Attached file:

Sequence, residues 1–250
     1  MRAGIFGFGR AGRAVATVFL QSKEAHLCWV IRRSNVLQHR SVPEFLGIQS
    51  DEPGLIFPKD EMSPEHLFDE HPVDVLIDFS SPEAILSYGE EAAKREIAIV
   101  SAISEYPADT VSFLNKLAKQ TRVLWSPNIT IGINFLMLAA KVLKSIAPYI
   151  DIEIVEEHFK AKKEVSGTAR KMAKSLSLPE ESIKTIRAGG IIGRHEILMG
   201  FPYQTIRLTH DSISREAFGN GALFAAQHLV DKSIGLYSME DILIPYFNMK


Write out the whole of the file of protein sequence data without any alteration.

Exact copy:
Sequence, residues 1–250
     1  MRAGIFGFGR AGRAVATVFL QSKEAHLCWV IRRSNVLQHR SVPEFLGIQS
    51  DEPGLIFPKD EMSPEHLFDE HPVDVLIDFS SPEAILSYGE EAAKREIAIV
   101  SAISEYPADT VSFLNKLAKQ TRVLWSPNIT IGINFLMLAA KVLKSIAPYI
   151  DIEIVEEHFK AKKEVSGTAR KMAKSLSLPE ESIKTIRAGG IIGRHEILMG
   201  FPYQTIRLTH DSISREAFGN GALFAAQHLV DKSIGLYSME DILIPYFNMK